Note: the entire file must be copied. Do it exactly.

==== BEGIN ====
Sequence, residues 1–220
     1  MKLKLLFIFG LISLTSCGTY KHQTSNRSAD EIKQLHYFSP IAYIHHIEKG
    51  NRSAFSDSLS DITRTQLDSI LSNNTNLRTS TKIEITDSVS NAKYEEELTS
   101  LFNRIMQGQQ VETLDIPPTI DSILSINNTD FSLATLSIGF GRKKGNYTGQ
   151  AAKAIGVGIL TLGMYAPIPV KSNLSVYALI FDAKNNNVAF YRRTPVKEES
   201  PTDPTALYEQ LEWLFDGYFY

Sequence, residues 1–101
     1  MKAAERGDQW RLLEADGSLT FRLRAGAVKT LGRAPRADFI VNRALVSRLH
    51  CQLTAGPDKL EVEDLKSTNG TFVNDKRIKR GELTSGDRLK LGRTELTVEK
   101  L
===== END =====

Sequence, residues 1–220
     1  MKLKLLFIFG LISLTSCGTY KHQTSNRSAD EIKQLHYFSP IAYIHHIEKG
    51  NRSAFSDSLS DITRTQLDSI LSNNTNLRTS TKIEITDSVS NAKYEEELTS
   101  LFNRIMQGQQ VETLDIPPTI DSILSINNTD FSLATLSIGF GRKKGNYTGQ
   151  AAKAIGVGIL TLGMYAPIPV KSNLSVYALI FDAKNNNVAF YRRTPVKEES
   201  PTDPTALYEQ LEWLFDGYFY

Sequence, residues 1–101
     1  MKAAERGDQW RLLEADGSLT FRLRAGAVKT LGRAPRADFI VNRALVSRLH
    51  CQLTAGPDKL EVEDLKSTNG TFVNDKRIKR GELTSGDRLK LGRTELTVEK
   101  L